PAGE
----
Men who worked on El Faro say the 40-year-old ship was rusty, had holes in the deck and didn't drain water well
Company says ship was well-maintained, regularly inspected
Ex-crew members are surprised ship sailed with really bad weather near the planned path
Three former crew members of El Faro, a ship that apparently sank during Hurricane Joaquin, told CNN the ship had structural problems and questioned whether it should have sailed with a major storm in the region.
The 40-year-old cargo ship never made it to Puerto Rico after it left Jacksonville, Florida, last week, and appears to have sunk near islands in the Bahamas.
The ex-crew members, who each last traveled on the ship at some point this year, said the ship had issues with taking on water.
“The chief cook’s room was constantly leaking water,” Kurt Bruer, a quartermaster who spent six months on El Faro, said. There were other problems. “The drainage didn’t work well on the ship.”
The company that operated the ship, Totes Maritime, said in an email to CNN that the ship met all standards and certifications regardless of its age.
“The El Faro was a well-maintained vessel, classed by the American Bureau of Shipping and regularly inspected by that classification society and the (U.S. Coast Guard),” Tote said.
But Bruer and the other ex-crew members said the ship was showing its age.
Chris Cash, whose last voyage on El Faro ended in January, said it was time to send the ship to the scrapyard.
“The El Faro was on its … needed a death certificate. It was a rust bucket,” Cash said. “You don’t take a ship like that … that ship wasn’t supposed to be on the water.”
He said the company seemed interested in maintaining the ship but doing so at minimal cost.
“They were bandaging the ship with extra steel all the time,” Cash said. “It seemed like they didn’t want to put any money into the ship. When things would break they would just patch it up rather than really fix it.”
Marvin Hearman, on the ship when it returned to Jacksonville in late August, said there was rust everywhere on El Faro and compared it to a 40-year-old car. He also said the cook’s room leaked a lot of water. Bruer said the ship had holes in its deck.
While everything on the ship was old, everyone felt safe, Hearman said.
Still, he and the others were stunned the ship left while there was a big storm in its potential path.
Cash said: “I was very surprised when I heard about the ship leaving during a storm, but when I saw (the captain’s) picture it all made sense.”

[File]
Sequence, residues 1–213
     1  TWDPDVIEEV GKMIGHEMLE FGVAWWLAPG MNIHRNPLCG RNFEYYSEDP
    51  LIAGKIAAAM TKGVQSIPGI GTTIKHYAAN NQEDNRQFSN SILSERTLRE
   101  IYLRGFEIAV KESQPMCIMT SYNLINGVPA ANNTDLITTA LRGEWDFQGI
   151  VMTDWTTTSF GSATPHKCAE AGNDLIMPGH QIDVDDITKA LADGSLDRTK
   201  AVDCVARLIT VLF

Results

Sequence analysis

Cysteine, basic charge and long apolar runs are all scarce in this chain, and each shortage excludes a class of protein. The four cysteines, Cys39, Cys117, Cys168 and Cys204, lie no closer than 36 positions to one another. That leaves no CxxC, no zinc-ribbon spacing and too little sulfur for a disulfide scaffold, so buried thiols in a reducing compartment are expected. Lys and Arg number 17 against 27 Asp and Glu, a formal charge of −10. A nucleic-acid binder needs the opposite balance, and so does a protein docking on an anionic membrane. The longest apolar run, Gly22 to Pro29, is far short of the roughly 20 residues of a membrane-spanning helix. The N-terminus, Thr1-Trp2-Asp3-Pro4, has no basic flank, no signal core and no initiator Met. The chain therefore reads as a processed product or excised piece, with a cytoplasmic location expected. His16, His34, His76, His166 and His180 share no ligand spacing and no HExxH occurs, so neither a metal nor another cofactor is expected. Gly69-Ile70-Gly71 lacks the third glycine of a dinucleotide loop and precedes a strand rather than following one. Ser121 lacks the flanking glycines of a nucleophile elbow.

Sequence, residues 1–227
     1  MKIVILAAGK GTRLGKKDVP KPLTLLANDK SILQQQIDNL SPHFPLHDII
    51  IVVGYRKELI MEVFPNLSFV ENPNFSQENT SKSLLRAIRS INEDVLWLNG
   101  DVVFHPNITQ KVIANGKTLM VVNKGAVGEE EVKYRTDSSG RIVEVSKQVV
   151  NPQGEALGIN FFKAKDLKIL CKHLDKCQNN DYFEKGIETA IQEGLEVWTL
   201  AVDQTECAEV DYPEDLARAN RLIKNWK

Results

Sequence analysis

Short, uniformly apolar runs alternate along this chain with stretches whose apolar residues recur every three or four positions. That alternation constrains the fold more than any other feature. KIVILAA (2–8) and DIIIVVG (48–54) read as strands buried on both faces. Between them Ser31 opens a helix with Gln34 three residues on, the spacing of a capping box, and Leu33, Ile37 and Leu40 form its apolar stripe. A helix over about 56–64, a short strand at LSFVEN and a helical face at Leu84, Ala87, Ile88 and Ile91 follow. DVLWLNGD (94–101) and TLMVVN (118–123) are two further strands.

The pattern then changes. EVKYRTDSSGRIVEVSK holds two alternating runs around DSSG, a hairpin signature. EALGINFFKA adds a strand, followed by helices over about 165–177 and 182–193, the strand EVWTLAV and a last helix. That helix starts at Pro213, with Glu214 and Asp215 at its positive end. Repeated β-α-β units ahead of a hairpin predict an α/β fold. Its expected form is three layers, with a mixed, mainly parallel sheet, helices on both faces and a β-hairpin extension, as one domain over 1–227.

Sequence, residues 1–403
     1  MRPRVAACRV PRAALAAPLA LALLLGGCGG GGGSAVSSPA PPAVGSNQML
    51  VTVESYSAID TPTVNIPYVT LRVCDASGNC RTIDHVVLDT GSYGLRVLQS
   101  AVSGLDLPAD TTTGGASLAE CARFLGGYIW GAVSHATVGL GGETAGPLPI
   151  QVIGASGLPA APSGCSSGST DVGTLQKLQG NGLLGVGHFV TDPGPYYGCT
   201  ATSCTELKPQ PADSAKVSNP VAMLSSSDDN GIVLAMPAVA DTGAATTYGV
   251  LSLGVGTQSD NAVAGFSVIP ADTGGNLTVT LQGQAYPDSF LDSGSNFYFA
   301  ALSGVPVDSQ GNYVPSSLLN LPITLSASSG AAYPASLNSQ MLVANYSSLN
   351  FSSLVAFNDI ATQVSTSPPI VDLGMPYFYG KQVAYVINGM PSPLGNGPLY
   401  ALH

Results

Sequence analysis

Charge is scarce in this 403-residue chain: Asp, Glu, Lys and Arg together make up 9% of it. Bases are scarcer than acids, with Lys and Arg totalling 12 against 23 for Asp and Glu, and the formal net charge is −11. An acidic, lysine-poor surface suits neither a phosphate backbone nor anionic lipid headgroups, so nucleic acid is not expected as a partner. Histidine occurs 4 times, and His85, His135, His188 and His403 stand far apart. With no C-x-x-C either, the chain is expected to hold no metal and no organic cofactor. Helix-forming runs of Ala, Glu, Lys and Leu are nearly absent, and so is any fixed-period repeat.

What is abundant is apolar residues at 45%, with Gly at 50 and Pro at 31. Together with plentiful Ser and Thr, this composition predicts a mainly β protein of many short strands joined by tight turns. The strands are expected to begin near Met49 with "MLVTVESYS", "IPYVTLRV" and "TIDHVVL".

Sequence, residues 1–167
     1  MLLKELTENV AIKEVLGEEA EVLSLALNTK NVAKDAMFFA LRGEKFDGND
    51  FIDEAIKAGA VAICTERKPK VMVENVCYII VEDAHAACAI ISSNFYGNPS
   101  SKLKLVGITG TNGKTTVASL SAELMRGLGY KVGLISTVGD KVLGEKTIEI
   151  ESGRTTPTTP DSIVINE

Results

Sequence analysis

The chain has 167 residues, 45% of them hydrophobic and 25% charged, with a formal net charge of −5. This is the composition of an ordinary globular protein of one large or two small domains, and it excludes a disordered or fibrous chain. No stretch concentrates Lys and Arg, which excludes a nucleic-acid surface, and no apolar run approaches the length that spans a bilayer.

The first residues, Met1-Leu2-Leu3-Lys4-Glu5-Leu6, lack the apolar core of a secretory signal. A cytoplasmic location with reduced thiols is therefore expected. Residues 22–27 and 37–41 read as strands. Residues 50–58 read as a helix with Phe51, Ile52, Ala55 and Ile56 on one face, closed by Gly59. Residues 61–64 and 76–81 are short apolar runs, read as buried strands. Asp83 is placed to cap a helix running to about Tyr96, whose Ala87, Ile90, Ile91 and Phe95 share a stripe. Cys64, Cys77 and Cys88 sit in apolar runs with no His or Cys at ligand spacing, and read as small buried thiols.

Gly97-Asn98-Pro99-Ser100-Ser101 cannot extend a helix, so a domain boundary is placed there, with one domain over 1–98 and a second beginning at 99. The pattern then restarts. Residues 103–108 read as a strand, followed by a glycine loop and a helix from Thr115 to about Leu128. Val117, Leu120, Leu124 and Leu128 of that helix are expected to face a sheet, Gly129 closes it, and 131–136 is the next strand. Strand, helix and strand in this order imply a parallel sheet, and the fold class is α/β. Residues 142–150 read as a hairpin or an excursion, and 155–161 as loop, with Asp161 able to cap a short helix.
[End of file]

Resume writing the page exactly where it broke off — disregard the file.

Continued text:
Cash thought Capt. Michael Davidson was stubborn and cocky, but the other two disagreed that Davidson was to blame.
Bruer, who was terminated by Davidson for a reason he wouldn’t disclose, said Tote was at fault for the old ship being permitted to set sail into stormy seas. Hearman said he thought Davidson likely was trying to prove a point to the company that he could do the job.
“He was a good captain,” Hearman said.
The shipping company said it trusted Davidson to make the right decision.
“Tote Maritime has great confidence in its highly experienced officers,” the company said. It added that it wouldn’t comment on the ex-crew members’ comments about the ship and the captain.
Captain’s plan: Avoid the storm
Tote has said Davidson had a “sound plan” to avoid Hurricane Joaquin, a strategy that only unraveled when the ship’s main propulsion stopped working.
The captain had current weather information when he left the port in Jacksonville for the four-day voyage and reported favorable conditions at the outset, Tote Services President Phil Greene told reporters earlier this week.
Given the weather system, the captain’s “plan was a sound plan that would have enabled him to clearly pass around the storm with a margin of comfort that was adequate in his professional opinion,” Greene said.
A friend of the captain agrees with the assessment, describing Davidson as a capable and experienced mariner.
“My guess is that he saw that he could outrun the storm, providing everything went right,” said Larry Legere, of Maine.
But the ship’s main propulsion failed, the ship’s owners say, stranding the 33 people aboard in the path of the storm, which had become a Category 4 hurricane.
Authorities have found one body and debris, but have not seen the ship nor any survivors since the cargo vessel lost contact near the Bahamas on Thursday, just as Hurricane Joaquin was churning through the area.
A U.S. Navy salvage unit will join the search for the wreckage of El Faro, a source close to the investigation said.
The National Transportation Safety Board requested the vessel head to the search site and survey the area to pinpoint the ship’s location.
The hope is to mobilize the salvage unit by the end of the week, the source said.
Crews found two debris fields – one about 345 square miles near El Faro’s last-known location (36 miles to the northeast of Crooked Island in the Bahamas) and one 81 square miles located 69 miles north of that position.
The U.S. Coast Guard called off its nearly weeklong search for the missing crew of the container ship at sundown Wednesday.
“I think what is regrettable on this is the fact that the vessel did become disabled in the path of the storm, and that is what (ultimately) led to the tragedy.”
CNN’s Martin Savidge and Ed Payne contributed to this report.